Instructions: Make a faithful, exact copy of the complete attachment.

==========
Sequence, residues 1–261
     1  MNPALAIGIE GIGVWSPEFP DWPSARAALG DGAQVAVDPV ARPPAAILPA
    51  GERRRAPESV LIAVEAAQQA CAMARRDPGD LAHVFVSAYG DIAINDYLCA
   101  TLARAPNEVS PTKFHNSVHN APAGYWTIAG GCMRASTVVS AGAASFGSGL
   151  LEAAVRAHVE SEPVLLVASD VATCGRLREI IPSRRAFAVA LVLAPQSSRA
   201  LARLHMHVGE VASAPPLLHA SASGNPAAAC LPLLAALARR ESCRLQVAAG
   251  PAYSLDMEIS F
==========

Sequence, residues 1–261
     1  MNPALAIGIE GIGVWSPEFP DWPSARAALG DGAQVAVDPV ARPPAAILPA
    51  GERRRAPESV LIAVEAAQQA CAMARRDPGD LAHVFVSAYG DIAINDYLCA
   101  TLARAPNEVS PTKFHNSVHN APAGYWTIAG GCMRASTVVS AGAASFGSGL
   151  LEAAVRAHVE SEPVLLVASD VATCGRLREI IPSRRAFAVA LVLAPQSSRA
   201  LARLHMHVGE VASAPPLLHA SASGNPAAAC LPLLAALARR ESCRLQVAAG
   251  PAYSLDMEIS F